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From Wikipedia, the free encyclopedia

Carlo Buti (14 November 1902 – 16 November 1963) was an Italian interpreter of popular and folk music. He was known as "the Golden Voice of Italy", and was possibly the first superstar of Italian music in the twentieth century. He recorded 1574 songs during his career.[1]

Biography

Buti was born in Florence, Italy. As a boy, he mastered the Tuscan folk song technique known as stornello. He was soon being paid by other men to serenade their girlfriends. He received limited vocal training from Raoul Frazzi. He was featured on Italian radio. His first recording contract (1930) was with Edison-Bell Records. In 1934 he signed with Columbia Records.

Buti has been called the Bing Crosby and the "Frank Sinatra of Italy", because of his preference for the popular songs of the day over the more operatic-type songs. He retired in 1956 after having recorded 1574 songs.[2] At the time, his was the most-recorded voice in Italian music history. His unique warm and melodic "tenorino" style of high quasi-falsetto phrasing sung in the "mezza voce" made him an international success.[3] He also starred in several Italian movies. He died at his home in Montelupo Fiorentino, in Tuscany, Italy, at the age of 61.[4]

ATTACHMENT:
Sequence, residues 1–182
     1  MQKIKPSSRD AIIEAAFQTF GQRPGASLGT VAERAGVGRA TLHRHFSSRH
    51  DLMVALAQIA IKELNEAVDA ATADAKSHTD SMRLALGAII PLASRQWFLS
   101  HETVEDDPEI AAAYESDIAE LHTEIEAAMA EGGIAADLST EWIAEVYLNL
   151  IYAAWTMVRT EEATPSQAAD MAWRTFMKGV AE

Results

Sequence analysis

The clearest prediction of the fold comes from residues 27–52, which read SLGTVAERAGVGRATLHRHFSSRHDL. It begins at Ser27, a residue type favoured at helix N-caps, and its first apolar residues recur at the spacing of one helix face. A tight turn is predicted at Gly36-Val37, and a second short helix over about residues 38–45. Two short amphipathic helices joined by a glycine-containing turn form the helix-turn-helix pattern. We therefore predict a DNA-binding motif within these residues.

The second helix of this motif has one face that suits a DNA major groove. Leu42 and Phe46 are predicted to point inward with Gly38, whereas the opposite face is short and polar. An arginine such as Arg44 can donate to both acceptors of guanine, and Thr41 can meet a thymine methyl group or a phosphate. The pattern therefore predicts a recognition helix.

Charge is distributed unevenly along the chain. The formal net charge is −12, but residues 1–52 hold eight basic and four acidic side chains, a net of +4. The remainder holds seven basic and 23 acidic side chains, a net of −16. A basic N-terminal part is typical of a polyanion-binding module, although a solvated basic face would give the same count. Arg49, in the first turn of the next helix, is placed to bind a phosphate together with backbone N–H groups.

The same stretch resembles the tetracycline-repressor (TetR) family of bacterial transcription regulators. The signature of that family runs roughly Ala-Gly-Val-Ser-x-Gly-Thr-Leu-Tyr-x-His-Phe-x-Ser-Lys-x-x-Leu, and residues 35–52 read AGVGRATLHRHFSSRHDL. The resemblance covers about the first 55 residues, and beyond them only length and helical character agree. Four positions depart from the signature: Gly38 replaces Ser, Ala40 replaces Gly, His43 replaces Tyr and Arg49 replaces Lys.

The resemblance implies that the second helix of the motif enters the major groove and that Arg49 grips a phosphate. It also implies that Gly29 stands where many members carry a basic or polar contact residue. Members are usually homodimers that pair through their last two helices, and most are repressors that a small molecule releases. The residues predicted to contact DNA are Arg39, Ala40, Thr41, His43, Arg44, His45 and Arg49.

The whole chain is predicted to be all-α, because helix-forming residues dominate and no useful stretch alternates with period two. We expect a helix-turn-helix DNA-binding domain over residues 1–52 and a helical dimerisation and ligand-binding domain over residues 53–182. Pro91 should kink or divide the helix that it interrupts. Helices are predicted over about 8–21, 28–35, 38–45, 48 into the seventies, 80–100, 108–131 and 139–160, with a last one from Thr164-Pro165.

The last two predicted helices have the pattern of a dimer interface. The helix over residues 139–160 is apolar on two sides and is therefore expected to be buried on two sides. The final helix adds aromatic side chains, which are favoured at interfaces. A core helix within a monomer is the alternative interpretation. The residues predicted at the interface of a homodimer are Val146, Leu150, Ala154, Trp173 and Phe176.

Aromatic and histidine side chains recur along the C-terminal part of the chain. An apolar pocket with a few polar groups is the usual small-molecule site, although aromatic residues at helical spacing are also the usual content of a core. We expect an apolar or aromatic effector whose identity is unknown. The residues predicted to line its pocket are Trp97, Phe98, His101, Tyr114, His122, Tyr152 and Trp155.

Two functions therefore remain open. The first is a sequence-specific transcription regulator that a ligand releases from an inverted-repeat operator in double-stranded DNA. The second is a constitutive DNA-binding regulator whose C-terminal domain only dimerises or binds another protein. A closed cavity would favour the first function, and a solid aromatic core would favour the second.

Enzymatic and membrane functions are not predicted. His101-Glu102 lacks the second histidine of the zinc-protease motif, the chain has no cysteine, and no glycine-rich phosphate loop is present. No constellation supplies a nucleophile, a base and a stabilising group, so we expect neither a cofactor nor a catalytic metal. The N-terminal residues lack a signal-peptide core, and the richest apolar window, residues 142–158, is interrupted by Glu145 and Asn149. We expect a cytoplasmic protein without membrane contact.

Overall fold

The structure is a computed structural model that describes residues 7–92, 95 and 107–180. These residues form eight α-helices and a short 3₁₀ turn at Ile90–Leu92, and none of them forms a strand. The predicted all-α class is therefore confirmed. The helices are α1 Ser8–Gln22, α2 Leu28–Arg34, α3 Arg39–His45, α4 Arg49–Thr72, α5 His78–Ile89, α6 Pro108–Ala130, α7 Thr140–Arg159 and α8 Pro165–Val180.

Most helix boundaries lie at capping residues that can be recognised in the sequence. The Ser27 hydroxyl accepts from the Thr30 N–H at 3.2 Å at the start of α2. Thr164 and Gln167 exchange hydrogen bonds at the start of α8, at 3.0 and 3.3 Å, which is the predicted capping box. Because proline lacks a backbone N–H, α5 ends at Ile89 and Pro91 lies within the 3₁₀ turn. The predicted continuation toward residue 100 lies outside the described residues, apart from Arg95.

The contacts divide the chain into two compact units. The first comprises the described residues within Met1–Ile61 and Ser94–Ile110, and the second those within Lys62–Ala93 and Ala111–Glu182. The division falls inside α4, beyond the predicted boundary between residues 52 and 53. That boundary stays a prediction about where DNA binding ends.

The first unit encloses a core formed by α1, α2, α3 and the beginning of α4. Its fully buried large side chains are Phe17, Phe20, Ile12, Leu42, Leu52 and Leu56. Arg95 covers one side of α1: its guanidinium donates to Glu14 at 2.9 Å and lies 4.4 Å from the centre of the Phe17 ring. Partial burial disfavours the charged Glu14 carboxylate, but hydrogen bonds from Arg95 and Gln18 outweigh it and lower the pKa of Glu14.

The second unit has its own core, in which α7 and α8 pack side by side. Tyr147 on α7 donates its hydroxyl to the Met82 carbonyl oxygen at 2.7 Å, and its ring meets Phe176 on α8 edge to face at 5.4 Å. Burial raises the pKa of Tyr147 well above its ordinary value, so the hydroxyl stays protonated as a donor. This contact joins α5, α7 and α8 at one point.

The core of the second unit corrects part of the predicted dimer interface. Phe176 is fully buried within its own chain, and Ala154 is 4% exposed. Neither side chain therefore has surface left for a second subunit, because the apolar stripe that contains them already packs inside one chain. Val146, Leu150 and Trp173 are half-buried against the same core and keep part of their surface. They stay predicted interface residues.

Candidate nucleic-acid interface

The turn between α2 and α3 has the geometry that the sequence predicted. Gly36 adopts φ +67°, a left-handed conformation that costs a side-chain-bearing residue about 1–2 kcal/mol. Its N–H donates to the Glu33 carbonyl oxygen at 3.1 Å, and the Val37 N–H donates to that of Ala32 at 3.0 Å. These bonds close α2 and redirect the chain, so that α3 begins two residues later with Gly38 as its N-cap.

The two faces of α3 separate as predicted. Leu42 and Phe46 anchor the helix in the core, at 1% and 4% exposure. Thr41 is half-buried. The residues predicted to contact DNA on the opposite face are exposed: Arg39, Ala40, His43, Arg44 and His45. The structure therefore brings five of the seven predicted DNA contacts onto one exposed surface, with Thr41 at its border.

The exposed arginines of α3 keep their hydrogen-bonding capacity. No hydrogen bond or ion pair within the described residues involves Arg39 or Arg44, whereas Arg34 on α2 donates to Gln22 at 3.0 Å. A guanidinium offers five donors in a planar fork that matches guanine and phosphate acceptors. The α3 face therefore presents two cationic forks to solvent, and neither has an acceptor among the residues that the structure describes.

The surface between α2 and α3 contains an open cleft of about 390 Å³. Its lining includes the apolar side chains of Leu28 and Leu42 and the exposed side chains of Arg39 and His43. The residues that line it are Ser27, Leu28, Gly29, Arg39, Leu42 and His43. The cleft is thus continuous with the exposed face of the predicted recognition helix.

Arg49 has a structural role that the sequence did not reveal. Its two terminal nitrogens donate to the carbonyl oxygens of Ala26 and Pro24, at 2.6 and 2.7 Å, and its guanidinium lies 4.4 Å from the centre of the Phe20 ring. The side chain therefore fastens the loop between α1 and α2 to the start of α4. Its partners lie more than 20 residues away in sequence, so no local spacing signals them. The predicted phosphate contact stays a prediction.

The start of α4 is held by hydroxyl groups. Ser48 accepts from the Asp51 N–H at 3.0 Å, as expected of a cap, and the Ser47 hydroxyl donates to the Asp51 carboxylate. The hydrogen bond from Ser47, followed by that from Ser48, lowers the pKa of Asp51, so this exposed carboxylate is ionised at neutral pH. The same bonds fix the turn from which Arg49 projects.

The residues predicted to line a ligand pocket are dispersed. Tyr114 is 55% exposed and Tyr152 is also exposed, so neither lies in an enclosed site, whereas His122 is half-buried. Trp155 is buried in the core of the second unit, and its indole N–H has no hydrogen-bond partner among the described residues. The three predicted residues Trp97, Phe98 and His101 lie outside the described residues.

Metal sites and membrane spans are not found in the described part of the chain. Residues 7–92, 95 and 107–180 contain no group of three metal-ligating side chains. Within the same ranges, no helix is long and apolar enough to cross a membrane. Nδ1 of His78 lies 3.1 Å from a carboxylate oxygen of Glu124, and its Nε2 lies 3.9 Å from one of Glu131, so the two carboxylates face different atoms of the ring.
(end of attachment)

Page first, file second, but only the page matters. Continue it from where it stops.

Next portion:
One of his songs "Vivere" appears on the score to the 2000 film "Titus" by Elliot Goldenthal.

Among his most memorable songs:[5]

  • "Faccetta Nera"
  • "La Paloma" ISWC: T-800.326.614-7
  • "Amapola"
  • "Tornerai"
  • La piccinina (Ferry Boat Serenade) ISWC: T-005.008.751-8
  • "Dove Sta Zazà"
  • "Amore Amore"
  • "Il Primo Amore non si Scorda mai"
  • "Fiorin Fiorello l'amore è bello"
  • "Signorinella Pallida"

Filmography

References

  1. ^ http://www.timaclub.it/CBFP.htm Archived 2016-03-03 at the Wayback Machine Review of book Una Vita per la Canzone: Carol Buti (in Italian)
  2. ^ http://www.timaclub.it/CBFP.htm Archived 2016-03-03 at the Wayback Machine (in Italian)
  3. ^ His fame began in Italy, spread to the USA, and was widespread across South America (per Una Vita per la Canzone)
  4. ^ http://www.italianlosangeles.org/index.php?36&150&203 Traditional Music, Opera, Composers
  5. ^ Una Vita per la Canzone
This page was last edited on 5 May 2024, at 07:22
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